Two officials indicted, one more pleads guilty in toll bridge scandal

By David Tanner, Land Line senior editor | Friday, May 01, 2015

A former Port of New York and New Jersey official and a senior staffer for New Jersey Gov. Chris Christie were indicted on Friday, May 1, for allegedly misusing Port Authority resources to snarl traffic on the George Washington Bridge, an act the U.S. Attorney’s Office says was carried out to punish the mayor of Fort Lee, N.J., for not endorsing Christie in the 2013 gubernatorial election. Another Port Authority official has pleaded guilty in the case.

U.S. Attorney Paul J. Fishman and investigators announced a nine-count indictment against former Port Authority Deputy Executive Director William E. Baroni Jr. and former Deputy Chief of Staff Bridget Anne Kelly, who worked for Christie.

Former Port Authority director of interstate capital projects David Wildstein pleaded guilty on Friday to two counts of conspiracy, according to Fishman’s office in a press release.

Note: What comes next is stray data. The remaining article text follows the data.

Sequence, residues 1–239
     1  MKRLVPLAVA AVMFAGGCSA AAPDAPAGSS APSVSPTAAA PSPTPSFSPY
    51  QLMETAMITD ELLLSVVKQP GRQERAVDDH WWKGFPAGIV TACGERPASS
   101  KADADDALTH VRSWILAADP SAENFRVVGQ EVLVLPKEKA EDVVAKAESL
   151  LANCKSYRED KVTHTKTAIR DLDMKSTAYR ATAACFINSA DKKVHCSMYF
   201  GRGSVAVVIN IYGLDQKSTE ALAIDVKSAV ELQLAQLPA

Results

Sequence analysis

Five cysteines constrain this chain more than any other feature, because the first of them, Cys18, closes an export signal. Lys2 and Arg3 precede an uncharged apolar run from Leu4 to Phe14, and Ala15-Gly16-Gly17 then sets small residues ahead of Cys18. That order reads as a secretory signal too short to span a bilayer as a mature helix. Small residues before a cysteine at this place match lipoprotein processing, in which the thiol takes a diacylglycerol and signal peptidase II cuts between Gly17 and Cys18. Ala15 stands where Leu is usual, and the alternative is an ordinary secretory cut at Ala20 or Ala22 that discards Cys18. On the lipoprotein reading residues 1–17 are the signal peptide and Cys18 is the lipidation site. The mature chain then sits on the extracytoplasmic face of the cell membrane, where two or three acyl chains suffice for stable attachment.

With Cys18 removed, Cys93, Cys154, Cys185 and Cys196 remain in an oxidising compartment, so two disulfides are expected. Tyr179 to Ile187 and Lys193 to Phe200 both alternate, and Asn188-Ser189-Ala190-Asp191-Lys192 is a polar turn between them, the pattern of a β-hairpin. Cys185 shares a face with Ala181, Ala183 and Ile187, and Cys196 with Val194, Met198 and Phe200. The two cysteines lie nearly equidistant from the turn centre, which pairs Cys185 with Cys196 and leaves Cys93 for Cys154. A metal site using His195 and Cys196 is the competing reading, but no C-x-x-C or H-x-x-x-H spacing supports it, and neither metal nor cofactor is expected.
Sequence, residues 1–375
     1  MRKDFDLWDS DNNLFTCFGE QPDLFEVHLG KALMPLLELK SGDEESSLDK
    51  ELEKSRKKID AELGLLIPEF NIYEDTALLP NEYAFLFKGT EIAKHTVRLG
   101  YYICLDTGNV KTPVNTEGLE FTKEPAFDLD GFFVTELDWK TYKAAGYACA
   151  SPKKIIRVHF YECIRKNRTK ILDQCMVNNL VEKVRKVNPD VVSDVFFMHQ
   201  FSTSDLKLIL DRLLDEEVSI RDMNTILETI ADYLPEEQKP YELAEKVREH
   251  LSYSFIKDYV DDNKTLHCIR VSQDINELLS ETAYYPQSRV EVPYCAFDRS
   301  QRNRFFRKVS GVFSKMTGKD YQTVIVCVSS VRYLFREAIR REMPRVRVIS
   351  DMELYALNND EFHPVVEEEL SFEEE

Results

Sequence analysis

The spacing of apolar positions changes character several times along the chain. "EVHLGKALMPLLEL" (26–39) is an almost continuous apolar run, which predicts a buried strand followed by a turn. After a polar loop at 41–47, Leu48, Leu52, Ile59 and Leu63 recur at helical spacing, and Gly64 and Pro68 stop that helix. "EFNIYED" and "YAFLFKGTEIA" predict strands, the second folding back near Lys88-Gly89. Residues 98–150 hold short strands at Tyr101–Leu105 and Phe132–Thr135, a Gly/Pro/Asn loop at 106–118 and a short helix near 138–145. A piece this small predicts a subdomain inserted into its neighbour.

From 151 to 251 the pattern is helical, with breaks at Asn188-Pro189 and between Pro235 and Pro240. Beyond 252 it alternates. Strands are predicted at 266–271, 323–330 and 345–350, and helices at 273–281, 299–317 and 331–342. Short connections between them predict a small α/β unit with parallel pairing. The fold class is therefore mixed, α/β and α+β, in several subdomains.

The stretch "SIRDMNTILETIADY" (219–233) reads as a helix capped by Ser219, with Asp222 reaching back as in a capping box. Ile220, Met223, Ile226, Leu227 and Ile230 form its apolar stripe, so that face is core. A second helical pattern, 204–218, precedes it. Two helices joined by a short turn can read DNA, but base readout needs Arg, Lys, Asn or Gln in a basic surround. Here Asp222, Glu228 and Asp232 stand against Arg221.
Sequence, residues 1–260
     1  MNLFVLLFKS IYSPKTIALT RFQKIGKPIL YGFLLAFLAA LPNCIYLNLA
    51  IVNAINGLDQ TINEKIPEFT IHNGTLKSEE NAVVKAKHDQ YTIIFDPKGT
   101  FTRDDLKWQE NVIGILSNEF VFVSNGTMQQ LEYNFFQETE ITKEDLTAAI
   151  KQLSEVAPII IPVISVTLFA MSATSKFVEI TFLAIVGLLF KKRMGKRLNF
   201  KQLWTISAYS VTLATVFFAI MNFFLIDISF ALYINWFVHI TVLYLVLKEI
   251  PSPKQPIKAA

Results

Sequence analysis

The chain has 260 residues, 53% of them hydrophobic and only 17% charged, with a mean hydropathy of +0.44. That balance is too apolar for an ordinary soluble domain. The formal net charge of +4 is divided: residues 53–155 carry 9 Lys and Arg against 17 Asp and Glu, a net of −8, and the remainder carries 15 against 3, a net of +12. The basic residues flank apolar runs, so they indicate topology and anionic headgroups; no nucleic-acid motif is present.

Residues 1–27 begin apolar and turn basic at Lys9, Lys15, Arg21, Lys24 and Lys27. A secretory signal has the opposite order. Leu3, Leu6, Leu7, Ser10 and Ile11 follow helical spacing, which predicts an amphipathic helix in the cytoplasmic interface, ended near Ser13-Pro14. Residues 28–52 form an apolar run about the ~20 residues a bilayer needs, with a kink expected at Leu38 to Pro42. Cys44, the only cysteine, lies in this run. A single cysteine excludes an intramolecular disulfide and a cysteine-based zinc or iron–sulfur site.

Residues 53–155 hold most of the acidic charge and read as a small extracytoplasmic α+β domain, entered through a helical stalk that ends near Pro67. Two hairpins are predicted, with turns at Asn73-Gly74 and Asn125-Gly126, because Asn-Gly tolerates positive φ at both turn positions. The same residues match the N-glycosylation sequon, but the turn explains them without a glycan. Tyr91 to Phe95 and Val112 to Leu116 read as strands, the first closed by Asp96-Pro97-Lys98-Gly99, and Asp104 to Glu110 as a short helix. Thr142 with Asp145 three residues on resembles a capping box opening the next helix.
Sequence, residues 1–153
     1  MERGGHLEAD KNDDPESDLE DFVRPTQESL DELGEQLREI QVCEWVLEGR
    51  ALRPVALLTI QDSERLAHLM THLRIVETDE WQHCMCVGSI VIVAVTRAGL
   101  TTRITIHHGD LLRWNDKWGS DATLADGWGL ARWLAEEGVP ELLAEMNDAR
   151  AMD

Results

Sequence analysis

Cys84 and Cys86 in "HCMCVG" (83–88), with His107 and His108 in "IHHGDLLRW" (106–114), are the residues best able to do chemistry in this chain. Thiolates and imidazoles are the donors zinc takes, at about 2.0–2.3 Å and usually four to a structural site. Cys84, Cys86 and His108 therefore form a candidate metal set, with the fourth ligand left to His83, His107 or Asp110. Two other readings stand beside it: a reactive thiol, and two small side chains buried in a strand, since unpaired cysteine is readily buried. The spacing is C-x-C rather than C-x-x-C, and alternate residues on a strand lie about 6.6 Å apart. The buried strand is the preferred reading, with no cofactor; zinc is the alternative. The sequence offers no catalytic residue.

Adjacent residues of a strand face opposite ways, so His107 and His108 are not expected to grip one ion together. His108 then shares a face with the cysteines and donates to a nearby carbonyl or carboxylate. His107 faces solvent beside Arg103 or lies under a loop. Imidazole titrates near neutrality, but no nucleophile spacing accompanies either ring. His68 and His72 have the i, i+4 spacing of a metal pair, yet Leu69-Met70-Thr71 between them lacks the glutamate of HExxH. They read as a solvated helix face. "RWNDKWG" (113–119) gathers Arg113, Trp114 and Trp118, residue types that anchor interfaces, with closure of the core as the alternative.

According to Fishman’s office, Baroni, Kelly and Wildstein decided to deliberately punish Fort Lee Mayor Mark Sokolich after discovering that Sokolich would not endorse Christie in the November 2013 election.

On the morning of Sept. 9, 2013, the alleged conspirators began disregarding inquiries from Sokolich on an “urgent matter” and instead hatched a scheme to reduce the number of lanes on the George Washington Bridge and tell people it was for a “traffic study” to conceal their intentions.

In an ensuing investigation, Baroni provided false and misleading testimony about the lane reductions, according to Fishman’s office.

Baroni and Kelly face fines and prison terms for each of the counts they have been charged with. Conspiracy to misuse Port Authority resources could lead to a five-year prison sentence and a $250,000 fine, while counts of wire fraud could lead to 20 years in prison and a $250,000 fine. The two defendants and Wildstein each face a 10-year sentence and $250,000 fine for conspiring to injure and oppress an individual’s civil rights.

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